For three years Watt flew back and forth between Canada, South Africa and the UK. “They’d call me over as if they were in Twickenham, saying, ‘Could you possibly pop over to Vancouver’,” he recalls. The hard work paid off, though, and not only did Watt settle the case, he also picked up instructions from the firms that he had come up against in the process. This was 20 years ago and Watt is still reaping the benefits. “I had an email this morning from an opponent in that case who remained a good friend and subsequently became associates of ours,” he says.
Watt does seem to be the sort of person that you would want to keep in touch with. He comes across as interesting, erudite and still full of enthusiasm for his work and firm. (Things could have been very different: his father tried to persuade him to become an accountant.)
“My time is roughly divided into sort of 50 per cent senior partner and 50 per cent litigator. It tends to be 70 per cent for both actually,” he says. “If I get a good case coming in, I get a huge thrill out of it.” He describes himself as more of a troubleshooter, stepping in to one-off situations and sorting them out. “You never know what’s going to come up. It’s not as though I have a client who sends a constant stream of instructions on a particular area of commercial law,” he observes. Watt is proud of this role of stepping into the breach to resolve a problem.
He insists that he has lost none of his fervour for a fight, despite being in his second term as senior partner. You could expect a senior partner to be satisfied with focusing only on growing his firm, but not Watt. He intends to stay right in the thick of things. “My latest really exciting instruction is to represent Lord Wakeham as shadow counsel in the Enron debacle. Basically, these huge piles of paper come through and I have to try and sort out what’s relevant to him and read it, and be able to second guess and anticipate what may happen over here,” he boasts.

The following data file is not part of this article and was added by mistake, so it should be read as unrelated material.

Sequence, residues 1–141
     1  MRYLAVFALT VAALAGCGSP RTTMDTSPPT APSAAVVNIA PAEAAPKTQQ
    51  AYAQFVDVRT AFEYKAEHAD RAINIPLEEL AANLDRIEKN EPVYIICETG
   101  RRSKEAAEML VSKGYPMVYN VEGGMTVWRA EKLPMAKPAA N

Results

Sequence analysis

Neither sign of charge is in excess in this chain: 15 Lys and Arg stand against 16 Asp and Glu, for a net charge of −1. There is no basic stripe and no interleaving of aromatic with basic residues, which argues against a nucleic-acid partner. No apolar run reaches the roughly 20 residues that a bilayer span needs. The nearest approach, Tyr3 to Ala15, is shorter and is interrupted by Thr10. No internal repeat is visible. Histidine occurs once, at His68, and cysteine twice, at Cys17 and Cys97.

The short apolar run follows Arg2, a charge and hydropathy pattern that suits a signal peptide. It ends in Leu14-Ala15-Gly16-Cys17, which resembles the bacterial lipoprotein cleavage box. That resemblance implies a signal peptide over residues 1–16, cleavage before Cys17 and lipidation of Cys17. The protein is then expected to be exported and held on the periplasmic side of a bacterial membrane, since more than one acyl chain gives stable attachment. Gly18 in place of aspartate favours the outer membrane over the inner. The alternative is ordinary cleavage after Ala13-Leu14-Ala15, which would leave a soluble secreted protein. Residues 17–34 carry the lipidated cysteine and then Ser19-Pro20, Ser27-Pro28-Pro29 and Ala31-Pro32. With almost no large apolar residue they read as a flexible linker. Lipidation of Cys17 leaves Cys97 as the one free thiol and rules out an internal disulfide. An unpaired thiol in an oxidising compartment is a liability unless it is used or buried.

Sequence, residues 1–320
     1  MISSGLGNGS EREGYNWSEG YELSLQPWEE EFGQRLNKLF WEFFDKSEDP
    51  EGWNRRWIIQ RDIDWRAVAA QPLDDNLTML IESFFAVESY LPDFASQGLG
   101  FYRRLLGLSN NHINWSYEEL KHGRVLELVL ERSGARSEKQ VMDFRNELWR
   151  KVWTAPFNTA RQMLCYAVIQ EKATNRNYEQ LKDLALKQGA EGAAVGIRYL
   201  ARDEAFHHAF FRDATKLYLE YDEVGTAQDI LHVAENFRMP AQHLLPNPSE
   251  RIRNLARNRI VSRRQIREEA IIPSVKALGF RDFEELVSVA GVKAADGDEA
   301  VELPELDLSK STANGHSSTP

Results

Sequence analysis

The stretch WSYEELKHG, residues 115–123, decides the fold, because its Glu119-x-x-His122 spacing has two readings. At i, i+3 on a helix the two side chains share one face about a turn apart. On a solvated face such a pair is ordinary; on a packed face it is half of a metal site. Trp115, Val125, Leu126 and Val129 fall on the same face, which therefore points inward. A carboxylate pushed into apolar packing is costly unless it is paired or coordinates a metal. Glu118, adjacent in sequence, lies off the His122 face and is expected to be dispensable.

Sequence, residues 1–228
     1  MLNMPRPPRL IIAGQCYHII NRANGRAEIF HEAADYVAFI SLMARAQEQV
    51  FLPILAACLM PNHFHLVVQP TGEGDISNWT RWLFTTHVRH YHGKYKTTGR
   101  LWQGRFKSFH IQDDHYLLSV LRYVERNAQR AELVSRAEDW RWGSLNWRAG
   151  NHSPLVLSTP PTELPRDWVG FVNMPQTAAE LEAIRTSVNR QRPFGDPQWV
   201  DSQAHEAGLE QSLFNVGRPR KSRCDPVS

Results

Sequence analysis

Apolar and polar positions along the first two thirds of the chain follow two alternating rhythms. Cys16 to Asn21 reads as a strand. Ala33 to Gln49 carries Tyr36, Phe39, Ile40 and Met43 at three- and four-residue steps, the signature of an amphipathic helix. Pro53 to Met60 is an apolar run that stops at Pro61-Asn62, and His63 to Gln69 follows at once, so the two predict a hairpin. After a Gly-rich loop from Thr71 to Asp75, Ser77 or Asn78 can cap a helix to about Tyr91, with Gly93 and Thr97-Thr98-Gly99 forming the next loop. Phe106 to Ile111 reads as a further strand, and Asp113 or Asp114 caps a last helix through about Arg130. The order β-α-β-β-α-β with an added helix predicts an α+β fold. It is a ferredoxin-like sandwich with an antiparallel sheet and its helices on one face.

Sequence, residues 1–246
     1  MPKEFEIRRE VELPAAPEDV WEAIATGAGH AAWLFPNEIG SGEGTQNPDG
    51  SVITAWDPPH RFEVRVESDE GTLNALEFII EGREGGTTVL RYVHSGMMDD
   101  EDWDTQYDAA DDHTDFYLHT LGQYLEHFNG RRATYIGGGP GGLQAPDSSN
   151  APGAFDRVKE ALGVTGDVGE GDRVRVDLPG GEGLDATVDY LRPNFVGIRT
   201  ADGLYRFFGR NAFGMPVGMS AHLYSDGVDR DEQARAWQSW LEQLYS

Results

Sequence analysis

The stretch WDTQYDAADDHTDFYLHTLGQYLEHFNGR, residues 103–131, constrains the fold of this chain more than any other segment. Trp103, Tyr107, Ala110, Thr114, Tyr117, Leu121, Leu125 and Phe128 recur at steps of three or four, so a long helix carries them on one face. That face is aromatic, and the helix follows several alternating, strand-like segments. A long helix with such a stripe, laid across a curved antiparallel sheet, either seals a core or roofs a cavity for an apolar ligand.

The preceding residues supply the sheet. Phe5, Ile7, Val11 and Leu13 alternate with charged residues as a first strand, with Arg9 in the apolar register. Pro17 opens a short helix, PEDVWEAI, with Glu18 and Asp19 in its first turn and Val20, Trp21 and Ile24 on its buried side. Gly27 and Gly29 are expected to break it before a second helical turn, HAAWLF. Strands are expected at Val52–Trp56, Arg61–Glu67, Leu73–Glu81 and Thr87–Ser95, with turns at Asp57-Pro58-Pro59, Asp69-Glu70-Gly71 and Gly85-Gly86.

Litigators are often pigeonholed as the Rottweilers of the legal profession, but Watt could not be further from this stereotype. “Litigators do divide between those who react and those who get on with it,” he says. “And I think litigation gets a very bad name. If you meet someone who’s behaving badly or oppressively you simply play it by the book. If you play it by the book well and properly it’s an armour that they can’t get through, unless they’ve got a much better case.”
Watt illustrates his point with a tale from his own career. “I remember years ago there was a partner who had asked for a meeting between him, his client, me and my client,” he recalls. “We hadn’t got a leg to stand on. He launched into a tirade against my client and Charles Russell as soon as we walked in. In the midst of this tirade I looked at my client, and we walked out. It took him months and months to get what he could have got on the spot.”
Watt gives every impression of modesty, but it is obvious he loves to win, although he is happy to work pro bono for causes dear to his heart. On a case on behalf of one of his music clients he wrote off £60,000 as pro bono work, saying: “I had clear parameters on what the orchestra could afford; and when we exhausted that, we were a long way from finishing.”
So there it is. Laurie Watt, lawyer, musician and, it would appear, gentleman.